Tech figures interviewed for this report explained that while Bristol and Bath are generally seen as desirable places to live – helping to attract new talent from outside the cities – the cost-of-living crisis has hit particularly hard. According to Numbeo’s most recent Cost of Living ranking, Bristol is the ninth-most expensive out of 26 cities. Since 2021, its inflation rate has been higher than London, while its year-on-year wage growth rate has mostly dropped below the capital, research by Centre for Cities shows. Another crisis is unfolding in Bristol and Bath: the unavailability of lab space for research- intensive startups and tech companies. With all current lab space at capacity, the next availability is likely to be at least two years away with the opening of Mission Street, and then the University of Bristol’s CM1 building on its new Enterprise Campus due to open around 2027.
“Given the specialist nature of the technology firms in the region, having access to highly skilled employees is vital to reaching full potential. This remains an ongoing challenge despite huge success in attracting the right talent into the area.

“There are also challenges presented by the rising launch costs, driven by expensive office and lab space. Technology incubators such as Science Creates’ Unit DX and DY, and the University of the West of England FutureSpace are now playing a role in addressing this particular challenge by providing specialist space and programmes for technology businesses at a sustainable cost.

“Finally, with a lower level of equity funding into the region than in areas such as London, the work of regional organisations and incubators to spotlight investment opportunities is vital. Access to banking services is also crucial for start and scale up businesses in Bristol & Bath. Having a relationship-based banking provider with specialists who live and work in the ecosystem is vital to ensure founders can focus on building businesses.”
Lloyds Matt Brook

Matt Brook
Relationship Director, SME Business and Commercial Banking at Lloyds Bank Bristol and Bath

“Given the specialist nature of the technology firms in the region, having access to highly skilled employees is vital to reaching full potential. This remains an ongoing challenge despite huge success in attracting the right talent into the area.

“There are also challenges presented by the rising launch costs, driven by expensive office and lab space. Technology incubators such as Science Creates’ Unit DX and DY, and the University of the West of England FutureSpace are now playing a role in addressing this particular challenge by providing specialist space and programmes for technology businesses at a sustainable cost.

“Finally, with a lower level of equity funding into the region than in areas such as London, the work of regional organisations and incubators to spotlight investment opportunities is vital. Access to banking services is also an issue for businesses in Bristol & Bath, having a relationship-based banking partner with teams who live and work in the community is vital to ensure a founder’s focus can remain on their business.”

Lloyds Matt Brook

Matt Brook
Relationship Director, SME Business and Commercial Banking at Lloyds Bank Bristol and Bath

Opportunities for growth

Despite significant development in the region’s tech sector over the last decade, it’s clear that there remain more opportunities for growth that could be harnessed with a range of interventions and initiatives.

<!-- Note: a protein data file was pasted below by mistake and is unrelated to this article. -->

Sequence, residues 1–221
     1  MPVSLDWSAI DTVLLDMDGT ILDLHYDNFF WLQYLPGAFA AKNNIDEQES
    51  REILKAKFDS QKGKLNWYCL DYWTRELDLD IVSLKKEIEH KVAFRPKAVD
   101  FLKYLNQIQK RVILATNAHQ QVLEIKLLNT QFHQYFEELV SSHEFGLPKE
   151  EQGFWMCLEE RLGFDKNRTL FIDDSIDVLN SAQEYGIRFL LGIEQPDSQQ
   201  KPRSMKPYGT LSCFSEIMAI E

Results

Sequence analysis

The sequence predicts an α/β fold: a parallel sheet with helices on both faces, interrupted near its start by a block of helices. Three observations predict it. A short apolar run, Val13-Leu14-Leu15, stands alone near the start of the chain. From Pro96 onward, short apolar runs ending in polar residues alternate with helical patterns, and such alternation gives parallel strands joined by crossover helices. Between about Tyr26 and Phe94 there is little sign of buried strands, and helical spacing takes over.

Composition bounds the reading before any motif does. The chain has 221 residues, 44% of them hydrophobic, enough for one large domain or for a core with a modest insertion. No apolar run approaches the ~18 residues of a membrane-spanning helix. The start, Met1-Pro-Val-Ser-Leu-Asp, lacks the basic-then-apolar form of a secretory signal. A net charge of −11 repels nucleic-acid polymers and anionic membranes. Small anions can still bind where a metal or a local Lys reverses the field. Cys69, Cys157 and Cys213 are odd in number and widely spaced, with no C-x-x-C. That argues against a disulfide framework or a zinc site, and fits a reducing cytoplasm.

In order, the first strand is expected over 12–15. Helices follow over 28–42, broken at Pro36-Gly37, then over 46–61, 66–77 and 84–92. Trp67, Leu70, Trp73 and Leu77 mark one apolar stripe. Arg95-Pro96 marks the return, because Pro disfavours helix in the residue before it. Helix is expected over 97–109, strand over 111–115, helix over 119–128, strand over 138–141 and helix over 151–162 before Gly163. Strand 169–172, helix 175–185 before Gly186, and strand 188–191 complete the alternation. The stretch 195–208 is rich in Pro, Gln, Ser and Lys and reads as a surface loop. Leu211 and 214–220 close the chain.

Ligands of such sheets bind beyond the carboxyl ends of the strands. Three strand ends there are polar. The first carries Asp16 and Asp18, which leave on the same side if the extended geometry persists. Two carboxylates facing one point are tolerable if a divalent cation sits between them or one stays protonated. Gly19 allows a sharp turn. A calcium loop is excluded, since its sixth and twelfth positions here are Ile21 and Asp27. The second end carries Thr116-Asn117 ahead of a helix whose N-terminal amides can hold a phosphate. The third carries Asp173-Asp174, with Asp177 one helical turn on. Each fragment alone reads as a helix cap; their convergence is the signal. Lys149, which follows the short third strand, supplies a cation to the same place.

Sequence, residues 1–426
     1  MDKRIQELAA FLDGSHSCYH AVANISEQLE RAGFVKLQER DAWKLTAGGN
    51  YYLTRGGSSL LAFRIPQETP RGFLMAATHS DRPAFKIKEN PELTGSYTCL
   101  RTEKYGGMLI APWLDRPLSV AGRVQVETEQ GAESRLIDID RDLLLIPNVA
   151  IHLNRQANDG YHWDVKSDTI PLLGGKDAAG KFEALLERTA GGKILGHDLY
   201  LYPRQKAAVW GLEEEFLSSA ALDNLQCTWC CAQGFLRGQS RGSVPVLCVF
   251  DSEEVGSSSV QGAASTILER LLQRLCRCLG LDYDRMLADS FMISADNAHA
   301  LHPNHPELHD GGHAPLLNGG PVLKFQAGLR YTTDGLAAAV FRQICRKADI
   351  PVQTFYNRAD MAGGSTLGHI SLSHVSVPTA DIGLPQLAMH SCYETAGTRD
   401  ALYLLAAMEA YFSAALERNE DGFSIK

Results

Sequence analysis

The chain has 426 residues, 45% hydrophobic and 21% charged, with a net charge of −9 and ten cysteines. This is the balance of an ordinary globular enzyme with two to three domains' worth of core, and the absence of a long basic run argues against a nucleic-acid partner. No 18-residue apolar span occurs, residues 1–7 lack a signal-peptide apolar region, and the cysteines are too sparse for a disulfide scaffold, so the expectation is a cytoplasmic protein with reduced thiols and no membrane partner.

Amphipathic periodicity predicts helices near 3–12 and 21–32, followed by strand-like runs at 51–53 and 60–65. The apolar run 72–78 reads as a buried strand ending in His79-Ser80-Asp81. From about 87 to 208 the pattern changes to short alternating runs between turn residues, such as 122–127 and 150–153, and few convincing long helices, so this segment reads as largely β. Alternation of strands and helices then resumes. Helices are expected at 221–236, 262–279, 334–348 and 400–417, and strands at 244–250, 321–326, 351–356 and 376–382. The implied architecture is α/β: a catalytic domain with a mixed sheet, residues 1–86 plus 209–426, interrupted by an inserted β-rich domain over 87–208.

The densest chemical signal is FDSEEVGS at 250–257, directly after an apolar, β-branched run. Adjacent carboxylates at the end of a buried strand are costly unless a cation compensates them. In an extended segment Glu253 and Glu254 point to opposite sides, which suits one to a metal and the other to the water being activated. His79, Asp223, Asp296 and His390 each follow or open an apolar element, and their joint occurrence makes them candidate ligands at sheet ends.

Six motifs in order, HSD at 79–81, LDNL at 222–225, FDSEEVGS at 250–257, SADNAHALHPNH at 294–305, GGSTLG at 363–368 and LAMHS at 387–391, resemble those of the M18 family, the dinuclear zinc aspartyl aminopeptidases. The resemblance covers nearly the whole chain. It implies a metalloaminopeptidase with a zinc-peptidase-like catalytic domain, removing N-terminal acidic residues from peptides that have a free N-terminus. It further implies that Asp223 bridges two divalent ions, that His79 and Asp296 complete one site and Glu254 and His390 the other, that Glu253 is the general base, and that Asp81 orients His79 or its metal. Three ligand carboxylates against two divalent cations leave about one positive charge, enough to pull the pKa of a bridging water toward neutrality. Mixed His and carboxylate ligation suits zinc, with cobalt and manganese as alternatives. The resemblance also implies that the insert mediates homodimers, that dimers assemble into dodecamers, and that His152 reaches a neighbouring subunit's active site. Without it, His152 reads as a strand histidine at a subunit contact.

Stakeholders referenced ‘growing pains’ in the region due to shifting attitudes and values that come with a maturing ecosystem, and called for even more thoughtful consolidation, strategy and political leadership to drive growth in the right direction.

Among the suggestions for what a growth strategy should focus on were calls for better connections with other tech clusters in the UK, initiatives to de-risk setting up new companies, more regional financing opportunities beyond equity investment and better international recognition for Bristol and Bath’s tech hubs in order to attract the best talent.
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What would drive growth in Bristol and Bath's tech sector?
39%
32%
30%
29%
26%
24%
23%
23%
19%
Greater investment into digital infrastructure, such as 5G and superfast broadband
More specialist work hubs for technology businesses
Greater public-private partnerships investing in technology SMEs
Local initiatives to promote careers in tech
More growth programs and entrepreneurs support networks
Local digital skills training
Greater investment into transport infrastructure
More events and networks to faster collaboration
Better connections between technology businesses and local universities

Regional subsector strengths

The survey of tech leaders demonstrates the range of subsector strengths in Bristol and Bath, with cybersecurity and fintech coming out top.

Climate tech and deeptech are seen as holding the most opportunity for growth, ranking highly as current strengths in the region but receiving an even higher proportion of votes for future subsector strengths. Similarly, quantum computing and VR/AR also stand out as areas in which people expect future development.

Regional subsector strengths

The survey of tech leaders demonstrates the range of subsector strengths in Bristol and Bath, with cybersecurity and fintech coming out top.

Climate tech and deeptech are seen as holding the most opportunity for growth, ranking highly as current strengths in the region but receiving an even higher proportion of votes for future subsector strengths. Similarly, quantum computing and VR/AR also stand out as areas in which people expect future development.

Bristol & Bath’s subsector strengths

Tech decision maker view

To represent how the Bristol and Bath tech community currently views the sector, where it is heading and what needs to change, UKTN commissioned Censuswide to survey 100 senior managers at technology companies based in the two cities.

In addition to the insights on strengths, challenges and opportunities above, they provided their views on the tech sector more generally, based on their experiences.
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I would recommend Bristol / Bath to someone considering where to locate a new tech business

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I feel that being based in Bristol / Bath puts my tech business at a disadvantage

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I have experienced specific advantages as a result of basing my business in Bristol / Bath

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It has become more attractive to start a tech business in Bristol / Bath over the last five years

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Bristol's and/or Bath's technology sector will grow rapidly in the next five years

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Bristol's and/or Bath's tech ecosystems get the international recognition they deserve

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The local government does enough to support tech businesses in Bristol / Bath

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There is sufficient support from central UK government for Bristol's/ Bath's tech businesses